Tens of thousands of Iranian demonstrators marched past the U.S. Embassy today shouting "Death to Carter" and other anti-American slogans to protest a U.S. revolutionary executions.
The demonstrations, organized by the Islamic Republican Party under Ayatollah Ruhollah Khomeini, coincided with the Moslem leader's strongest attack yet on liberal and leftist groups critical of the Islamic clergy's dominant political role in the new government.
The marchers were carefully controlled by Islamic Republican Party marshals and made no attempt to attack the embassy, which was protected by dozens of armed "Revolutionary Guards" loyal to Khomeini.
Some of the demonstrators shouted vehement slogans against the United States, President Carter and Israeli Prime Minister Menachem Begin. Among the chants were "Death to American," "Death to Carter" and "Death to Begin."
A witness reported that at least one American flag was burned. Another U.S. flag carried by the marchers was defaced with a large black cross over the stars and stripes.
Not to be outdone in "anti-imperialist" fervor, Iran's two main guerrilla organizations have scheduled their own demonstrations Friday against the Senate resolution. Other groups, including the Islamic Republican Party, also are expected to participate.
The slogan shouting seemed to be well orchestrated by "cheerleaders" riding in minibuses equipped with loudspeakers, observers said.
"The American Senate has become the supporter of killers," one slogan went.
Among the numerous banners carried by the protesters or draped across avenues was one in English that said, "The U.S. Senate is the house of War, corruption and unjustice." Another said, "We like the American people, we hate the American government."
There were no reports of any aggressive behaviour toward Americans who witnessed the demonstrations. In fact, the marchers generally did not seem terribly worked up about the U.S. policy they were protesting.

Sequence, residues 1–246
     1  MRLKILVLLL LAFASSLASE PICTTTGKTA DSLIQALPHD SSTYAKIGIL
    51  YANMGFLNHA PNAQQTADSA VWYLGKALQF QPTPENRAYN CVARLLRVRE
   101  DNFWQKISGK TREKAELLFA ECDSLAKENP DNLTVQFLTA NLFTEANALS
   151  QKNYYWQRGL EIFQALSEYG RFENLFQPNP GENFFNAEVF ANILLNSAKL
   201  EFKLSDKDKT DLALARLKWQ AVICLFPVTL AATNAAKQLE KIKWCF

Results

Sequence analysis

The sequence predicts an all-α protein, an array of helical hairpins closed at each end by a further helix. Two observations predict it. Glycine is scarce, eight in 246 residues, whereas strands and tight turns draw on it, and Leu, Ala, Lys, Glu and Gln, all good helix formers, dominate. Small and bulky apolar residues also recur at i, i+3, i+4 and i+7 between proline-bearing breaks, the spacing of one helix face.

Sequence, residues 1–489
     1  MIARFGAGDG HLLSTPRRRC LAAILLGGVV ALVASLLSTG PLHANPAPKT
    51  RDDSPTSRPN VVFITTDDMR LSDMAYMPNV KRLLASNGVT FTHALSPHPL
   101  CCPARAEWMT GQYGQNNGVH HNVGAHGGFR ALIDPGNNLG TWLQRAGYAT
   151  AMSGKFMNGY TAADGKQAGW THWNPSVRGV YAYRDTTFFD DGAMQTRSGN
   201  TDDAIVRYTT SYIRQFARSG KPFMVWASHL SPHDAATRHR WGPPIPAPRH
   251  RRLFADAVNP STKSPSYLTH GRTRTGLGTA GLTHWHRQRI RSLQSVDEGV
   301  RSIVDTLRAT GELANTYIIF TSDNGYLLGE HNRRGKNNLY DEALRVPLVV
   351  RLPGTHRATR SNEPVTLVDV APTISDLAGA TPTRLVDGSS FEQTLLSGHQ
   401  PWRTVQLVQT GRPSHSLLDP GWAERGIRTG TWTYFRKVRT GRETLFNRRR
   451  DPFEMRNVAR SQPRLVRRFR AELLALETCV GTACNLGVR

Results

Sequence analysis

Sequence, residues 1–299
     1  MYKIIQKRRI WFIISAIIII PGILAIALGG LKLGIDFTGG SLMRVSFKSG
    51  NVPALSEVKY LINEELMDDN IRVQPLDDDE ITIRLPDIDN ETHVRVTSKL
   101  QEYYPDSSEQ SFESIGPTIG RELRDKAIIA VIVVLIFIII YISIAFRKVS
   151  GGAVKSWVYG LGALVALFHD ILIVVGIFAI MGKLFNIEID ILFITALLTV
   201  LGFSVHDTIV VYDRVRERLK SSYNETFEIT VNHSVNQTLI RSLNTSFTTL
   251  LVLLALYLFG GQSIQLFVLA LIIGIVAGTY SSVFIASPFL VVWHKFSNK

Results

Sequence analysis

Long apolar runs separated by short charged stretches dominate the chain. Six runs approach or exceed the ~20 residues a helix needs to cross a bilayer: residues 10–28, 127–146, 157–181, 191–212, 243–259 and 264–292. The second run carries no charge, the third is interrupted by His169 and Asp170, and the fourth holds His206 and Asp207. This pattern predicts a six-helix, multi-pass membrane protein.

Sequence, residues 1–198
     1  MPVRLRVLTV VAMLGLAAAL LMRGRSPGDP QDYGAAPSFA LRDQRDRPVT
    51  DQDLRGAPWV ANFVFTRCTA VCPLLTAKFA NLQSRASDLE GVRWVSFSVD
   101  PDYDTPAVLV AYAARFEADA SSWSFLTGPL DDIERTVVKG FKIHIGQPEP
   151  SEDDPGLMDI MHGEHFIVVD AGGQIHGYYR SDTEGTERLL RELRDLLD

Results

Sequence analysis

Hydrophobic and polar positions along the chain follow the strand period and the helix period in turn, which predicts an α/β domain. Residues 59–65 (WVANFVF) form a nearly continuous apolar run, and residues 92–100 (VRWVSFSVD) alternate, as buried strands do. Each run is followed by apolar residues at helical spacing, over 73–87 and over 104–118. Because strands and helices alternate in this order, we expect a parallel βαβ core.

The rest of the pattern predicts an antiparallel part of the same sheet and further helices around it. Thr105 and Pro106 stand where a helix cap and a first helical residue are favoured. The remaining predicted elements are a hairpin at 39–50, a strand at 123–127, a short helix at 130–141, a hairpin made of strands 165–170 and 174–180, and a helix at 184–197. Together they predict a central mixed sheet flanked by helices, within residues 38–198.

According to one witness passions only flared once when a crowd of Khomeini followers confronted a few hundred members of the Tudeh Communist Party in their midst who sat down on a street next to the embassy.
"Tudeh are parasites," the Islamic Republican Party followers chanted as the two groups exchanged angry shouts.
At a downtown square where speakers harangued demonstrators after the march, many people in the crowd ate popsicles hawked by vendors.
"It was far from an angry demonstration," a witness said.
Reflecting the official nature of the demonstration, three camera crews from the state-owned National Iranian Radio and Television were stationed in front of the embassy. A blue-and-White NIRT down so low that the draft from its rotors blew the chadors, or traditional full-lenght veils, off several women.
The speeches at the end of the march were not entirely anti-American. A representative of the Afghanistan Islamic Party read a message charging that the Soviet Union was flying Mig 21s and Mig 25s against Moslem Afghan rebels. The anti-Soviet statement also described Afghan President Nur Mohammed Taraki as an agent of the Soviet secret police, the KGB.
In a speech broadcast by the official radio, Khomeini condemned those who he said want to add the word "democratic" to the Islamic republic.
"If you see these people say 'republic' or 'democratic republic' or 'democratic Islamic republic' that would be what our enemies want," Khomeini said. "Our enemies don't fear a republic, they fear Islam."
Referring to the deposed shah, the ayatollah added, "Our enemy was not only Mohammed Reza Pahlavi. Everybody whose path is not the Islamic path is our enemy under any name whether he wants a 'republic' or a 'democratic republic.' Those who avoid using the word Islam are the enemy."
Khomeini also criticized Iranians who charge that the shah's one-man rule is being replaced with a "turbaned dictatorship." Apparently refering to followers of the late Ali Shariati, a popular anti-clerical Islamic writer, Khomeini said, "If they say Islam without the clergy, they do not believe in Islam."
In his speech Khomeini also appeared to attack the various secular parties that have sprung up during the revolution, even those that oppose the previous government.
The ayatolla further raised fears of a non-party dictatorship among liberal Iranians when he said, "It cannot be tolerated that they gather various people, find a name, hold meetings and then oppose Islam." He said of the members of such groups, "you should fight them more vigorously than you did the shah."